Introducing the 2005 Class: Jameon Hardeman

Very few states, if any, can claim to be as fertile a recruiting ground as Texas. The vast number of quality prospects there can cause many players to be overlooked. In the case of Jameon Hardeman, the Arizona State Sun Devils have noticed the defensive lineman early in the recruiting process, when the hometown schools virtually ignored him. Hardeman told Devils Digest that as far as he's concerned, it all worked out for the best anyway.

"I'm not mad," said the 6-5 256 Jameon Hardeman about being disregarded by the lone star state schools. "I was never was a (University of) Texas fan anyway, and really didn't like any Texas schools. Texas Tech was looking at me a little, but I wasn't really paying attention to them. I didn't know if I was gonna stay in Texas to play college football."

By his own admission, Hardeman knows that his performance in his junior year may have contributed to his recruiting situation. Nevertheless, shortly after that season he started to turn some heads. "I was slow to come around," he stated. "I didn't have a good junior year, but I knew I could play and I had a good senior year. People knew I had the potential, but they didn't know how good I really was. When they saw me practice, I did start to get some more recognition."

Arizona State was obviously one of those programs that realized the value of the defensive lineman. "(ASU's defensive line) Coach Monachino was in my coach's office the spring after my junior season, and I just happen to walk in," Hardeman recalled. "He said he was gonna come see me in practice, and sure enough he did. We talked a little about the school and the program. I got to know him over the months, and when I went to ASU for a visit, I just felt real comfortable with the guys there." Hardeman added that Tulsa, Oklahoma State, and Utah were other schools that came calling early in the recruiting process.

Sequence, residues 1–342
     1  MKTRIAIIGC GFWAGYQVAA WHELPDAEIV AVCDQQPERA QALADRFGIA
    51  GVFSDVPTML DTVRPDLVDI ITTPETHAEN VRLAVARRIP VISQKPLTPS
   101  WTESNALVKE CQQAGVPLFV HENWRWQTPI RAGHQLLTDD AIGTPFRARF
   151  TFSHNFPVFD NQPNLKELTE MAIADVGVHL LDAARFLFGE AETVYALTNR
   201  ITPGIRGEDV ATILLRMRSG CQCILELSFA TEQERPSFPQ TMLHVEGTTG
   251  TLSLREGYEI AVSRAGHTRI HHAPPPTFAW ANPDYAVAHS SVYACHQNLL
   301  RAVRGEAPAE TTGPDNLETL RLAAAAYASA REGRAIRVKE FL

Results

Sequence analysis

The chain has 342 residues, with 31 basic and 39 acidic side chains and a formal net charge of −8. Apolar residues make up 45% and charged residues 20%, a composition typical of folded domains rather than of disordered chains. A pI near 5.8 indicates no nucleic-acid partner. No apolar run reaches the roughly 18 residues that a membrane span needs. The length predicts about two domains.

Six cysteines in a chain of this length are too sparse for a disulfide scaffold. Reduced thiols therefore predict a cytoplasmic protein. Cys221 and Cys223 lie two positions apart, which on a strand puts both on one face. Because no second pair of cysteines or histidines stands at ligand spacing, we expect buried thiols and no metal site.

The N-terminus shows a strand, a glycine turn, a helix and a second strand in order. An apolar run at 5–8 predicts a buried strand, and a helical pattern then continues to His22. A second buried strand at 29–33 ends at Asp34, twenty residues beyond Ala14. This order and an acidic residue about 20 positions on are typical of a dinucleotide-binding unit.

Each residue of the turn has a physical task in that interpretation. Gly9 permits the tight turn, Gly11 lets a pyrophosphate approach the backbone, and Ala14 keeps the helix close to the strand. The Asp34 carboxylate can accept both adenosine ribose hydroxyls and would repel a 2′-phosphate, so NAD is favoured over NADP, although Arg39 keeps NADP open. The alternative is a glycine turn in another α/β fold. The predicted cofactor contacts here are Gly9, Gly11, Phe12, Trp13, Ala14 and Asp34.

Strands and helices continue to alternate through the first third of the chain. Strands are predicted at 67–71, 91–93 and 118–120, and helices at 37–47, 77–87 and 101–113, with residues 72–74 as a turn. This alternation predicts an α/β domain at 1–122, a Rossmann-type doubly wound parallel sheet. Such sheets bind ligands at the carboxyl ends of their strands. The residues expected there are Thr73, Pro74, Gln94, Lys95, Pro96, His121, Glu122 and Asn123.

During his senior year, he collected 70 tackles, six quarterback sacks, and three forced fumbles. He was named to The Fort Worth Star-Telegram Top 100 in the state of Texas, as well as first-team all district in 2004. "I'm a good pass rusher, I have a good technique, and I don't need a lot of time to get to the quarterback," Hardeman said as he described his skills. "I need to work on getting stronger and get my body developed. I'm working out now and I gained about ten pounds."

During his National Letter of Intent Day press conference, ASU head coach Dirk Koetter described Hardeman as a player that sports a nasty streak. The incoming ASU freshman said that his tenacity is a result of his leadership. "Off the field I'm a cool guy, but on the field I posses the leadership I had all my life," he stated. "I have to get the best from my teammates on every play. If I'm a leader I know I have to bring it every down, and lead by example. I just get a lot of energy from the game, the crowd…you get so excited and you come out and play hard. You really can't get that energy from nowhere else but the football field. I was just born with that energy (smile)."